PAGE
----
Simona Halep defeated Garbiñe Muguruza in straight sets to reach Saturday’s French Open final where she will play American Sloane Stephens. That match is pretty simple to size up. Either the World No.1 will finally break through to win her first major, or she will be outdueled by a bigger hitter on one of the sport’s grandest stages yet again with the 10th seed winning her second major.
Halep goes in as a solid favorite, having not lost to Stephens in more than five years. There will be a lot written about both the champion and finalist regardless of the outcome. However, what happens to Muguruza’s career from here is far murkier and also warrants a deeper look.
With Serena Williams, Maria Sharapova and Victoria Azarenka all missing huge chunks of time in the last handful of years and not dominating upon returning to the game, we have seen many names come and go at the top of the women’s game. With Petra Kvitova stabilizing her career this year, Muguruza is now the toughest player on tour to figure out.
The now 24-year-old Spaniard burst onto the scene at the 2014 French Open where she handed a top-seeded Williams one of her worst ever Grand Slam defeats in the second round. It was obvious at that point that Muguruza had the right mix of power and movement to be one of the greats.
In truth, this was the start of a puzzling career trajectory that is still ongoing. Despite playing basically a full schedule, Muguruza had barely cracked the top 20 by the following year at Wimbledon. There, she blasted her way to the final where she acquitted herself well in a straight-sets loss to Williams. After a strong finish to 2015, it finally looked like Muguruza was going to live up to her seemingly endless potential.
However, the early part of 2016 was not good as Muguruza appeared to struggle with the expectations that come with winning. She reached just one semifinal before the French Open where she was the fourth seed. On a clay surface that in theory should not support Muguruza’s taller frame in power based game, she won six of seven matches in straight sets to win her first career Grand Slam.
Once again though, the Spaniard’s results fell off a cliff. She did not reach a singles final of any kind for over a year. Her seed had dropped to 14th at Wimbledon last year. She won the title by dismantling Venus Williams in the final.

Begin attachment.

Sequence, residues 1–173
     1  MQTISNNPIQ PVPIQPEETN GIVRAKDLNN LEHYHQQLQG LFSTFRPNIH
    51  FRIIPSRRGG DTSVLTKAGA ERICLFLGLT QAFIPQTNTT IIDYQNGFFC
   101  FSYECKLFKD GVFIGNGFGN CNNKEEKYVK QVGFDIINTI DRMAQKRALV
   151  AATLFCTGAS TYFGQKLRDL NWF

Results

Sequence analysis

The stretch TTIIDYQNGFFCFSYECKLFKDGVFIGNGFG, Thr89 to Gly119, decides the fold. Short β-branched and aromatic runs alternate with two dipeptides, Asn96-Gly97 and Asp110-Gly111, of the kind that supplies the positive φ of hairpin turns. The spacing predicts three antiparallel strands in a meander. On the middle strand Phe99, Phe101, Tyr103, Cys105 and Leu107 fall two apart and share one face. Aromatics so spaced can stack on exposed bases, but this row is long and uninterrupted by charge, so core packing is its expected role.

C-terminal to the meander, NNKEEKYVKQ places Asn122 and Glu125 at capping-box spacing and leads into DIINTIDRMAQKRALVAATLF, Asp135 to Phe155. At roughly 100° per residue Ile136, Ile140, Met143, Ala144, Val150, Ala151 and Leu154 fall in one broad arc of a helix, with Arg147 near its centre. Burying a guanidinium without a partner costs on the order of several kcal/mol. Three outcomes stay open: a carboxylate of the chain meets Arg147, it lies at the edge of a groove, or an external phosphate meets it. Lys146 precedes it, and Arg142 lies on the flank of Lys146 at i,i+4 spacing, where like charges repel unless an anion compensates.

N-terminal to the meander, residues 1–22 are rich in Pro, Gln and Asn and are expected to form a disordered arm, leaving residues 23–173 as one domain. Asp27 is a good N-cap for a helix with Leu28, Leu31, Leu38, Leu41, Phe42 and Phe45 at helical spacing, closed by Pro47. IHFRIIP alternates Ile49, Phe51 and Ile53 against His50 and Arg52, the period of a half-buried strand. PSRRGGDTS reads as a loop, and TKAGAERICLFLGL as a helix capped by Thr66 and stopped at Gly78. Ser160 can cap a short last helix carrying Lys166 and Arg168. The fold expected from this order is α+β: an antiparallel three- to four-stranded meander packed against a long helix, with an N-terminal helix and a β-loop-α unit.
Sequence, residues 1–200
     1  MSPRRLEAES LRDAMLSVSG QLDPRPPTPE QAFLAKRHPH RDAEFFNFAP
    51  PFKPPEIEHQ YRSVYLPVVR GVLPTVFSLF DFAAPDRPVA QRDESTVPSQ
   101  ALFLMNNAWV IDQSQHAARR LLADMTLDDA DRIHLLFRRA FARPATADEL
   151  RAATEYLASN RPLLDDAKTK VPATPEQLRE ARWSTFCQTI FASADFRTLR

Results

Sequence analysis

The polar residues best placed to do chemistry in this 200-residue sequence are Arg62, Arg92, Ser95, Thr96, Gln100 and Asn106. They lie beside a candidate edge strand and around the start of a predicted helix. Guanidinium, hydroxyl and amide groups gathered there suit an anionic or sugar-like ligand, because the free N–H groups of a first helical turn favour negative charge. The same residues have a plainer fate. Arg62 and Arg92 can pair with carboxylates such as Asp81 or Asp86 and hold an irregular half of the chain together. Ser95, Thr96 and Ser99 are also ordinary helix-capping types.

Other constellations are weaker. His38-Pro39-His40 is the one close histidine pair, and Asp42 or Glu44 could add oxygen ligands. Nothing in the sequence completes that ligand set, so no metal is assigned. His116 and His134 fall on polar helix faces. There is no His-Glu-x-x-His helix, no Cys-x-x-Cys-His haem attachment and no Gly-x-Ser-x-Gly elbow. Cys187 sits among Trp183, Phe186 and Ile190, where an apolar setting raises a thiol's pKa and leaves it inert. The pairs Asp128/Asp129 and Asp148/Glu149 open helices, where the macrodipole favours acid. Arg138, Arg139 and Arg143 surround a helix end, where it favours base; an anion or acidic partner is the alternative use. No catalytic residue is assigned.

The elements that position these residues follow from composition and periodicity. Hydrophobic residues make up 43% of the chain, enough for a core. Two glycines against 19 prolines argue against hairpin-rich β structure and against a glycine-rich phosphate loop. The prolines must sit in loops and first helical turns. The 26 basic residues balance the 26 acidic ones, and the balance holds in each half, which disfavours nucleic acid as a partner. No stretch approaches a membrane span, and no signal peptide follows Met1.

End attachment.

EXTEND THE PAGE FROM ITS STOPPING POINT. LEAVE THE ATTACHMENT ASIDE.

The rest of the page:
After following that up with another prestigious title in Cincinnati a few weeks later, she briefly became World No. 1. It again looked like someone from the current crop of WTA players was at long last going to stick their head above the rest. But she once again became mostly a non-factor for the rest of 2017 as well as the first part of this year.
After just two match wins on clay all year leading into the 2018 French Open, Muguruza’s name was not on anyone’s mind as far as contenders in Paris. Despite that, she reached the semis without dropping a set. Her draw included two former Roland Garros champions as well as a former finalist.
Once the reigning Wimbledon champion clobbered Sharapova 6-2, 6-1 in the quarterfinals, the tournament felt over. Nobody, not even Serena Williams, has ever beaten a fully healthy and in form Sharapova that badly in Paris. The semifinal matchup was a good one for Muguruza as well. The last time she had played Halep, she dropped just one game.
Still, Halep won convincingly to reach the final. Muguruza has tried several different coaching arrangements in search of week in week out consistency. Obviously, with his roadmap of results, none have worked.
Muguruza will now head off to the grass courts to prepare to defend her Wimbledon title. Muguruza’s career patterns suggest she is due for an early upset there. If that happens, her ranking will take another tumble.
If there is a sports psychologist out there who can figure out what makes this immensely talented player so brilliant at one tournament and then awful at the next, there is a huge payday to be had. The only thing certain about Muguruza is when you see someone make Sharapova retreat as much as Muguruza did in the brief highlight video below from the Roland Garros YouTube channel, it is both breathtaking and maddening. Breathtaking because the vast majority of the Russian’s peers have been unable to do that for the better part of 15 years, and maddening because you know that this kind of form from Muguruza disappears as quickly as it appears.
Featrured image from plustvafrica.com
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